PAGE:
Haryana making sportspersons sweat

Lack of equipment, coaches, space and government help has not dampened the never-say-die spirit of budding athletes in Haryana

The lone sports hostel run by the Department of Sports and Youth Affairs, Haryana, at Nehru Stadium in Gurugram was locked up more than two years ago shortly after the Manohar Lal Khattar-led Bharatiya Janata Party government came to power.

Over 60 players lived in the hostel at one point, but it bears an abandoned look now.

“The hostel was home to hockey and volleyball players, gymnasts and athletes before 2015. All of them had represented the State in national or international events. But in mid-2015, the government suddenly decided to shut it down,” said District Sports and Youth Affairs officer (Gurugram) Paras Ram.

Now children practise gymnastics in the open near the hostel building as parents keep an eye from a bench under a nearby tree.

Savita Lamba, mother of nine-year-old Kanika, said her daughter has been a regular at the gymnastics classes for the past three years but lamented the lack of facilities.

“Ideally, gymnastics classes should be held indoors but there is no indoor space available. The classes are called-off many times due to rain or extreme weather conditions. The coach is good and many of these children have participated in State and national championships. However, they can do more with better facilities,” said Ms. Lamba.

Haryana making sportspersons sweat

She added that the strength of the coaching centre had doubled over the past one year after Dipa Karmakar represented India at the Rio Olympics.

Monika Sharma, a resident of Sadar Bazar, said the authorities have been promising an indoor gymnasium for several years but nothing has been done on the ground so far. She complained that the children did not get good food and lodging facilities during competitions.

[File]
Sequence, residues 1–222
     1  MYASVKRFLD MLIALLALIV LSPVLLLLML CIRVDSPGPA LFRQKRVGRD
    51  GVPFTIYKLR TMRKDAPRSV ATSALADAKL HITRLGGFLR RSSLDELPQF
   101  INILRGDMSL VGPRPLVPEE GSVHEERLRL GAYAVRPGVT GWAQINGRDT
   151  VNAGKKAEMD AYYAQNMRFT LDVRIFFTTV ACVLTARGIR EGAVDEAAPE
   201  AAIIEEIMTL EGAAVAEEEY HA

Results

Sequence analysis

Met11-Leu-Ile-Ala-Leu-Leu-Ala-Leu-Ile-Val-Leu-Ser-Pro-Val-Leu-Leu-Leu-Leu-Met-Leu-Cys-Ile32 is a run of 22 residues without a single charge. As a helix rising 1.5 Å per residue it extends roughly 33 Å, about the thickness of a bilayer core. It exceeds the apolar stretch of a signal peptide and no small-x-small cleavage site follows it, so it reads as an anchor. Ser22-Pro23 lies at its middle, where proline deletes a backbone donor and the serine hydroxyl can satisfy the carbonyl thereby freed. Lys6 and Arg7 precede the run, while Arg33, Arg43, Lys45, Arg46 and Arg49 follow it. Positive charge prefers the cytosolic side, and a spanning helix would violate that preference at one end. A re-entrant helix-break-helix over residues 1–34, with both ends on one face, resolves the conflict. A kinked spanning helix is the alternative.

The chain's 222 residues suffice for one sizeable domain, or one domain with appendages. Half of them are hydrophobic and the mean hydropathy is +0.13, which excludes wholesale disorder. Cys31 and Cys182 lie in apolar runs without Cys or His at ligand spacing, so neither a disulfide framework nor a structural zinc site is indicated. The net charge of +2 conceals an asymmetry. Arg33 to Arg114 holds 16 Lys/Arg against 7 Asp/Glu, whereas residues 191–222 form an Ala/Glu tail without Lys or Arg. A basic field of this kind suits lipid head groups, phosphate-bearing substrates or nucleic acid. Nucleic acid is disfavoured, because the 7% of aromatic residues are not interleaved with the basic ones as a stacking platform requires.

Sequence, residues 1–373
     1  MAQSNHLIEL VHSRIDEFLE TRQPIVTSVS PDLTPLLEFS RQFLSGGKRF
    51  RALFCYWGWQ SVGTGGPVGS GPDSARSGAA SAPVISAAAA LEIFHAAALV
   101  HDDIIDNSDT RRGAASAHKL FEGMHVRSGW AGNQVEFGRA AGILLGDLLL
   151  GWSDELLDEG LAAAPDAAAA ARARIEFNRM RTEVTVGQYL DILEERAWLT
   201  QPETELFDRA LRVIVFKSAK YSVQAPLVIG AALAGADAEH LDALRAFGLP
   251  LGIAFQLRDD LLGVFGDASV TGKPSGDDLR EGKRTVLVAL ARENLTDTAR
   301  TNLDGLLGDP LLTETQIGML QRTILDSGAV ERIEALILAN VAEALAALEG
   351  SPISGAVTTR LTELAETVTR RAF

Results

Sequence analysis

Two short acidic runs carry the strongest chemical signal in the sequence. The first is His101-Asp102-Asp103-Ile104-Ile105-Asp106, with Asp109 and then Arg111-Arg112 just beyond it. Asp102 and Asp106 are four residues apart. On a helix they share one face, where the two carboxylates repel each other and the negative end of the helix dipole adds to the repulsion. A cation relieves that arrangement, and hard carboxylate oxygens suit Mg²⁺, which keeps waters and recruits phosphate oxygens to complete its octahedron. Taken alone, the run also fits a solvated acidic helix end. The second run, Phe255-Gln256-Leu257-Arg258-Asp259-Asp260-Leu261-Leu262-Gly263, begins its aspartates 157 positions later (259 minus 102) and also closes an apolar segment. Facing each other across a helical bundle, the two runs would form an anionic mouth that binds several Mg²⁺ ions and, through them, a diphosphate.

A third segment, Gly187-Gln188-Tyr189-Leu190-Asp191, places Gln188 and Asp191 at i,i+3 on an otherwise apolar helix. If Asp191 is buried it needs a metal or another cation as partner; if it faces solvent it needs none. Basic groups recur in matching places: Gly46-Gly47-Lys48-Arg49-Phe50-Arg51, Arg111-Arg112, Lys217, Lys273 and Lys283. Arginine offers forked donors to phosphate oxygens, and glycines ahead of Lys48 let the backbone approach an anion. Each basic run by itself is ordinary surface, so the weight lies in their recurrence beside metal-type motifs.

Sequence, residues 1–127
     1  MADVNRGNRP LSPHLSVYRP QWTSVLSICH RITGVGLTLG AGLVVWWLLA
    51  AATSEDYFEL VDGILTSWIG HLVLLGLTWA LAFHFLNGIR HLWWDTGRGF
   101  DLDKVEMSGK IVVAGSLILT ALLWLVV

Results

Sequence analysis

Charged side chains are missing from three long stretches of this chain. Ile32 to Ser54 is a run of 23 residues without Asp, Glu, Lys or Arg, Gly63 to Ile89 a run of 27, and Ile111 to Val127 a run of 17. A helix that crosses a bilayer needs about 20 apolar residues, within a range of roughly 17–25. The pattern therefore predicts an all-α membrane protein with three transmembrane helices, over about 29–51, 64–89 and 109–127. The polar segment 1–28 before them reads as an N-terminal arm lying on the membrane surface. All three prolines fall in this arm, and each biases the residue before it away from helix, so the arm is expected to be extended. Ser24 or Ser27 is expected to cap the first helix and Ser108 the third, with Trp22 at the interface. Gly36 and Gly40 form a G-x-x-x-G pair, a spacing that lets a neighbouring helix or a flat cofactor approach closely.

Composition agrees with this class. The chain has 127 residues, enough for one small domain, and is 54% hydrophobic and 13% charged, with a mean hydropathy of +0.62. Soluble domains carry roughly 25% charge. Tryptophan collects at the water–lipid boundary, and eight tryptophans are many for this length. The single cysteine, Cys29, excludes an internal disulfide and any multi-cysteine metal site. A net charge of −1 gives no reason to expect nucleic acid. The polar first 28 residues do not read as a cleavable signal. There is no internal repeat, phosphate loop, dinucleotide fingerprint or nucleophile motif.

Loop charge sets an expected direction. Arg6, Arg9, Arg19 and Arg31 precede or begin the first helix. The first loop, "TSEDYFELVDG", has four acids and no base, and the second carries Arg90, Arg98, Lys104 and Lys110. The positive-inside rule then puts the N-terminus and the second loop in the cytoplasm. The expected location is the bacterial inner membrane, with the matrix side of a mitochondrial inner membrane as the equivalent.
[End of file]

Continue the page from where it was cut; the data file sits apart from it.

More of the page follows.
‘No drinking water’

“Lodging facilities are not good when the children go outside to take part in competitions. The quality of food served is poor and sometimes there is no drinking water either,” she claimed.

Gymnastics coach Sandeep maintained that “all was well” but admitted that they did not have a physiotherapist to treat injuries during practise sessions.

Sachin, a teenager, injured his neck during practise three years ago and was rushed to a hospital in the coach’s car, recalled a parent.

“Injuries are very common. Someone or the other gets injured every couple of months,” said Ms. Lamba.

Another coach at the stadium claimed that no sports equipment had been purchased since the BJP government came to power three years ago.

“We do not have footballs, cricket kits, ropes and mats. Coaches are forced to pay from their own pocket to provide basic equipment to players. We are told in every annual meeting at Chandigarh that equipment and other sports goods will be made available in a couple of months but nothing has happened so far. How can you expect to win a battle without weapons,” asked the coach.

Dearth of coaches

He claimed there was a huge shortfall of coaches and there were no coaches in Gurugram for even popular sports such as boxing.

“The present government came out with a new sports policy in 2015 but everything remains on paper so far. Policies are always good but it is the implementation that matters. And so far, the output of the present government on this front is far from satisfactory,” said the coach.

Jagdeep Singh, Director, Department of Sports and Youth Affairs, said around 400 coaches were already appointed against the total sanctioned posts of 1,040. However, around 150 of 400 are yet to get their appointment letters.

Making the best of it: Budding gymnasts in Haryana are forced to practise in the open due to lack of sports infrastructure. (Below) Arjuna Awardee Rajkumar Sangwan has been running a boxing academy for the past 15 years. However, his demand for a piece of land to run the academy has fallen on deaf ears.

Making the best of it: Budding gymnasts in Haryana are forced to practise in the open due to lack of sports infrastructure. (Below) Arjuna Awardee Rajkumar Sangwan has been running a boxing academy for the past 15 years. However, his demand for a piece of land to run the academy has fallen on deaf ears.  


Mr. Singh said eligible candidates were not available under the reserved category, which has led to a backlog. He conceded that no new purchases had been made over the past three years but claimed that there was no dearth of sports equipment.